The surviving family members of someone who recently died usually know what to expect from their estate plan. Adults who have taken the time to draft the state planning paperwork often disclose their intentions to their close family members. Children, spouses and others know what they could likely inherit and also who the decedent selected to serve as the personal representative of their estate.
For most families, reading the will is a formality followed by months of impatient waiting. But, occasionally, reading the will leads to surprise because the terms included are far different from what someone had always discussed with their loved ones. Perhaps they disinherited multiple family members and left an unusually large portion of their estate to one individual.
Maybe they reduced what certain family members would receive or granted a large asset to one person instead of ordering its sale to divide its value between beneficiaries. Family members may start to question what inspired those changes to someone’s legacy. Occasionally, it may be the undue influence of a particular beneficiary that provoked those changes.
What is undue influence?
In the estate planning realm, undue influence refers to someone using their relationship with the testator to influence the terms included in their estate plan. Often, the person exerting undue influence has a close relationship with the testator. Spouses and children can apply undue influence to someone, as can anyone serving as a caregiver when they are medically vulnerable.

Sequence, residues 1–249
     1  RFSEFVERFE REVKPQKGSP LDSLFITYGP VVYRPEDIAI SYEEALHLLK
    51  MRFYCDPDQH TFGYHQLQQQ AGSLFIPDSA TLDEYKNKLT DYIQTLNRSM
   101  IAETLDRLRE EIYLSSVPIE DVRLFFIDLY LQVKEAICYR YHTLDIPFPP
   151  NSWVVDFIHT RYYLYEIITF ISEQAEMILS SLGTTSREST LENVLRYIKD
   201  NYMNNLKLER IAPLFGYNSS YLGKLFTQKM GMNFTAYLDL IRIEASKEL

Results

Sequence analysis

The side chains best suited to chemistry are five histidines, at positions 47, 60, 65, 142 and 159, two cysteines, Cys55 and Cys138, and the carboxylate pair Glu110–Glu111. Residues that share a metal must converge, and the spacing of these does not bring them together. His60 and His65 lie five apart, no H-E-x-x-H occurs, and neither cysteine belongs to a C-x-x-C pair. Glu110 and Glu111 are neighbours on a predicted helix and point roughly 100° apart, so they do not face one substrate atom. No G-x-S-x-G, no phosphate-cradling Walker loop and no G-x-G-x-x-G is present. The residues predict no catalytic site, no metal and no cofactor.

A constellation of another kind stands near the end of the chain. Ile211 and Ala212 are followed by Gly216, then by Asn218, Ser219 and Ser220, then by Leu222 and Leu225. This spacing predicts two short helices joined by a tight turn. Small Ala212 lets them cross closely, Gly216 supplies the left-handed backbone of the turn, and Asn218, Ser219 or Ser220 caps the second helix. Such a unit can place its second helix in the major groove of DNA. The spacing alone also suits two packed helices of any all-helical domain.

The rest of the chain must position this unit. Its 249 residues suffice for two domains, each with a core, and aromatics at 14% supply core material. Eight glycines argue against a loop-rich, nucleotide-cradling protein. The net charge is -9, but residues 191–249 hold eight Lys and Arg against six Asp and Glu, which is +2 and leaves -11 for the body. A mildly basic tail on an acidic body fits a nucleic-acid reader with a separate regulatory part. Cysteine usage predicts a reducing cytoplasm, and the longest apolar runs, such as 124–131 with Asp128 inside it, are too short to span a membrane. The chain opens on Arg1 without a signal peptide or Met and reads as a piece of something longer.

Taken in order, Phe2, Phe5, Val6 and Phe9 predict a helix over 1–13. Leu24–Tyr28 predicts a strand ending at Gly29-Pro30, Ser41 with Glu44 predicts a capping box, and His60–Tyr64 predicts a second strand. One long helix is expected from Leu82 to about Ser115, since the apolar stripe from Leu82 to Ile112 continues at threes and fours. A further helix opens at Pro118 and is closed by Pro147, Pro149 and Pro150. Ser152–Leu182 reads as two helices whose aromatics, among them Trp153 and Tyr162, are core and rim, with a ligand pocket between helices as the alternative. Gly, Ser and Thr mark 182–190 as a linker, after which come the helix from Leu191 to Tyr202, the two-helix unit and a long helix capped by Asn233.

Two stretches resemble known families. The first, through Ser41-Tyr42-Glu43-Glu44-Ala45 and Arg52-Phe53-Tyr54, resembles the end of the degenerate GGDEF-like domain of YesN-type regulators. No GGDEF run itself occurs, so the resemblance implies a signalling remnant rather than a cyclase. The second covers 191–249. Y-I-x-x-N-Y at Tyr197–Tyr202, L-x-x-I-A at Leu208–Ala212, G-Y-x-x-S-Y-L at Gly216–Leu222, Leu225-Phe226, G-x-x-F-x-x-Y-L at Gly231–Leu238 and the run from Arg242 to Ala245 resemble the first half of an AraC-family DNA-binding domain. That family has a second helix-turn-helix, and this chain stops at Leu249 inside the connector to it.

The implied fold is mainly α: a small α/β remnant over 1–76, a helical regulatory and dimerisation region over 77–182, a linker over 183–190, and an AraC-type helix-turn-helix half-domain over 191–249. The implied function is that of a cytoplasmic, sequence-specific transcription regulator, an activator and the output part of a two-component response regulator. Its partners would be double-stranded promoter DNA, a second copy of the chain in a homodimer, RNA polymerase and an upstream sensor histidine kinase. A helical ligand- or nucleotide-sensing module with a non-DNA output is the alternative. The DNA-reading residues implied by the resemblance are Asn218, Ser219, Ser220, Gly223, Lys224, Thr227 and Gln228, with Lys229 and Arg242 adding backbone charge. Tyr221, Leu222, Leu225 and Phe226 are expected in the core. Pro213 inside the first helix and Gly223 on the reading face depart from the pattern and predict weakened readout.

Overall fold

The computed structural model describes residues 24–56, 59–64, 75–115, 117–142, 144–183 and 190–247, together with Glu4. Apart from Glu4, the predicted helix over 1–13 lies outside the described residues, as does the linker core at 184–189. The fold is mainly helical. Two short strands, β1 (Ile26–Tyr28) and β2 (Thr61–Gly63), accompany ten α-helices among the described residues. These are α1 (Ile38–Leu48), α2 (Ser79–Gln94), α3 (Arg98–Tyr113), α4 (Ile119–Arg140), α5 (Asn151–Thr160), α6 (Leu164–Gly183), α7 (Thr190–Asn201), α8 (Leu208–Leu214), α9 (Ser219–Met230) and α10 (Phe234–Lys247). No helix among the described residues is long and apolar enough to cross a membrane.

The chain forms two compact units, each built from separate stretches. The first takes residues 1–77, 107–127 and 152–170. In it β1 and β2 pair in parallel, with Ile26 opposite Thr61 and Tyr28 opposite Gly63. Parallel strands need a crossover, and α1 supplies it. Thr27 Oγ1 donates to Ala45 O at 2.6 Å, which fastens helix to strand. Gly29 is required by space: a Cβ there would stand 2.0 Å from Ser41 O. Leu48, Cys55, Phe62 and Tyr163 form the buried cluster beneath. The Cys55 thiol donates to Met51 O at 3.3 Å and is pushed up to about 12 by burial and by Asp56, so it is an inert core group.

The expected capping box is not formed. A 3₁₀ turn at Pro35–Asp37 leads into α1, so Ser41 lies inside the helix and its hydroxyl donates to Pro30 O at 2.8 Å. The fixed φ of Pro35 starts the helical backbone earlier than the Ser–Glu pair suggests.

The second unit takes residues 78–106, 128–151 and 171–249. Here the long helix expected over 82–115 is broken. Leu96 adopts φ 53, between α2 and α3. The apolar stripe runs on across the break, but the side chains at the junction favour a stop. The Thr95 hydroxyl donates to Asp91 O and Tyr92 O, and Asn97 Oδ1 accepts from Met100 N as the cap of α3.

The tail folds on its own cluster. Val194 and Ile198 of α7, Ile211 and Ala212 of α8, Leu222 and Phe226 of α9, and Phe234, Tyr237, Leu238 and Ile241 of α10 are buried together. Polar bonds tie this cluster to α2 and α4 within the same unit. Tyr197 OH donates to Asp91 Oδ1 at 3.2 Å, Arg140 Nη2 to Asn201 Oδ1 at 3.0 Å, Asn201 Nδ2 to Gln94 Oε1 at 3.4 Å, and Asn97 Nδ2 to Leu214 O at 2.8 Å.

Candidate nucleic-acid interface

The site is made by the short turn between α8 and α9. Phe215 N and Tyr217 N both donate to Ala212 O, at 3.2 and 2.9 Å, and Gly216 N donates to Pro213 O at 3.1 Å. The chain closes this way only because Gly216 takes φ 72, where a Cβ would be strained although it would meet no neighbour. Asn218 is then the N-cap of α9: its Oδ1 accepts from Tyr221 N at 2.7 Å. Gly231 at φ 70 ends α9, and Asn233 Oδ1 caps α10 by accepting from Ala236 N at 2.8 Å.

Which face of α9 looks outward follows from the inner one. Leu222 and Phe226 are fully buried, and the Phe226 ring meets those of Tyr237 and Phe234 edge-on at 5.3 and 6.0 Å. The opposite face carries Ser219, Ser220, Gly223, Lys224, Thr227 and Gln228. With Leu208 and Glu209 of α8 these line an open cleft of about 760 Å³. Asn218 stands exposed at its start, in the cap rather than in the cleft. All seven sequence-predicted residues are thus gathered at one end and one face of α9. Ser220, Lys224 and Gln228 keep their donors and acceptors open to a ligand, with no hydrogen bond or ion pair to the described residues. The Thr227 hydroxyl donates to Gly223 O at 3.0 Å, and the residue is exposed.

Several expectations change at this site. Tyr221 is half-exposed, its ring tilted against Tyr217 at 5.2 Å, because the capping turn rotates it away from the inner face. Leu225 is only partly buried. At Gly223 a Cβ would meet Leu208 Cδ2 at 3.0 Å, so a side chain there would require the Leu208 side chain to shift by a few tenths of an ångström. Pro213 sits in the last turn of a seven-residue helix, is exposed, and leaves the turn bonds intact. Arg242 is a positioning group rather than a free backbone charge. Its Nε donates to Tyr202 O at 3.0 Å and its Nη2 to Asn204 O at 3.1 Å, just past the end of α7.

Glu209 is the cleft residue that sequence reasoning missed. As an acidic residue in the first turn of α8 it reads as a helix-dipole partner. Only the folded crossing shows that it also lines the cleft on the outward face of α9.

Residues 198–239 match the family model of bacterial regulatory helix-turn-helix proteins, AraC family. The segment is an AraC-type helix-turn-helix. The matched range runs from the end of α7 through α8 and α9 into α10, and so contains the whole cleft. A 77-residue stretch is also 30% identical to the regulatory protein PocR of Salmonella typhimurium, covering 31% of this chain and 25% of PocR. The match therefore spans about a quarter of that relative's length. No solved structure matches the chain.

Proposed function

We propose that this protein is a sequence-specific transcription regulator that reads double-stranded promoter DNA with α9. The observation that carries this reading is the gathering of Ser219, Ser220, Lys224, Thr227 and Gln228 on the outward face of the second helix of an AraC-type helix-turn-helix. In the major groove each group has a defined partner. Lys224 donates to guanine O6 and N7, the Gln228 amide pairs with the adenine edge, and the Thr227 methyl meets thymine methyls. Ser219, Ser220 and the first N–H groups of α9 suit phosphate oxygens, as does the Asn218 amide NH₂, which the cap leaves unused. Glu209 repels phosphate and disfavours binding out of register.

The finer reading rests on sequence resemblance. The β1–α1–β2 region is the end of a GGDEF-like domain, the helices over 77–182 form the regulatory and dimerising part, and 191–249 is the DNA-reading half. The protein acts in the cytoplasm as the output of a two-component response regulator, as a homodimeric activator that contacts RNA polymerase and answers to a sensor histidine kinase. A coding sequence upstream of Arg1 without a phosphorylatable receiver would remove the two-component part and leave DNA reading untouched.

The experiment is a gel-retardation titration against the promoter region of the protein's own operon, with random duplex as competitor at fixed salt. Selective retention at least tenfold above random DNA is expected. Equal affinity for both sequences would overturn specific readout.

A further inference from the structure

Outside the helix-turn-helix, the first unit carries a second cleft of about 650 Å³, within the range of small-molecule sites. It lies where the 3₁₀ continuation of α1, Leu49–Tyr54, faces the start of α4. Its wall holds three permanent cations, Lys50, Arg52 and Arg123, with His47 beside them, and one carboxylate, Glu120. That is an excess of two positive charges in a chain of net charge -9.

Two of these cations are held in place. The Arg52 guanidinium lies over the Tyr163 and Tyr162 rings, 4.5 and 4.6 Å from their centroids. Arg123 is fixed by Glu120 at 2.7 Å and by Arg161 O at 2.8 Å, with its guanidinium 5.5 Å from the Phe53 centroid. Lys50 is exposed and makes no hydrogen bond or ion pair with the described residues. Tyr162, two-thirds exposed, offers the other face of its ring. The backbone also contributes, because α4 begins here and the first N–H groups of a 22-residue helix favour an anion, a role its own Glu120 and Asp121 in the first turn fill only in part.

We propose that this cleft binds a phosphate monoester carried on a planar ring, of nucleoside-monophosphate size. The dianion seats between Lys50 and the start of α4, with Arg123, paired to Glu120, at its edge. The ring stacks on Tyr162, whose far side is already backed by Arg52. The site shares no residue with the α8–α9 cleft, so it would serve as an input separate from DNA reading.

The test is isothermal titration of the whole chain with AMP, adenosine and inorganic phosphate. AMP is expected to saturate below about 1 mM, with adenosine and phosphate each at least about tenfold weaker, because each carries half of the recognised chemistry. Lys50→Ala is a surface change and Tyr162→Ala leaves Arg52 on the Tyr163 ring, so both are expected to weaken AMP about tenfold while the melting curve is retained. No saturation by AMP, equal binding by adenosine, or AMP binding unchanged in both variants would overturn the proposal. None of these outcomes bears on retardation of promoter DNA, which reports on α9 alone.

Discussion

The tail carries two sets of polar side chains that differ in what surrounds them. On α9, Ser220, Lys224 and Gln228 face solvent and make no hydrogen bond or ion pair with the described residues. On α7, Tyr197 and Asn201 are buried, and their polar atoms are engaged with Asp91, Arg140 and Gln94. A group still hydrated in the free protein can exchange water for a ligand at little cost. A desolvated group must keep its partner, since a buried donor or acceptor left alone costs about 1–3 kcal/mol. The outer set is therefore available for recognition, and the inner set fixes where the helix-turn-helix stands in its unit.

These people use their knowledge of the testator or their control over their daily life to compel them to change aspects of their estate plan. They could interfere in relationships, withhold pain medication or manipulate someone by lying to them to obtain the estate plan changes they want. The documents that someone leaves behind would potentially then reflect the wishes of a beneficiary rather than their own intentions.
Typically, those alleging undue influence need to show that someone was in a position to influence the testator and that they benefited from estate planning changes. Still, if successfully, contesting a will if there are signs of undue influence may help families better uphold the true intentions of a deceased loved one.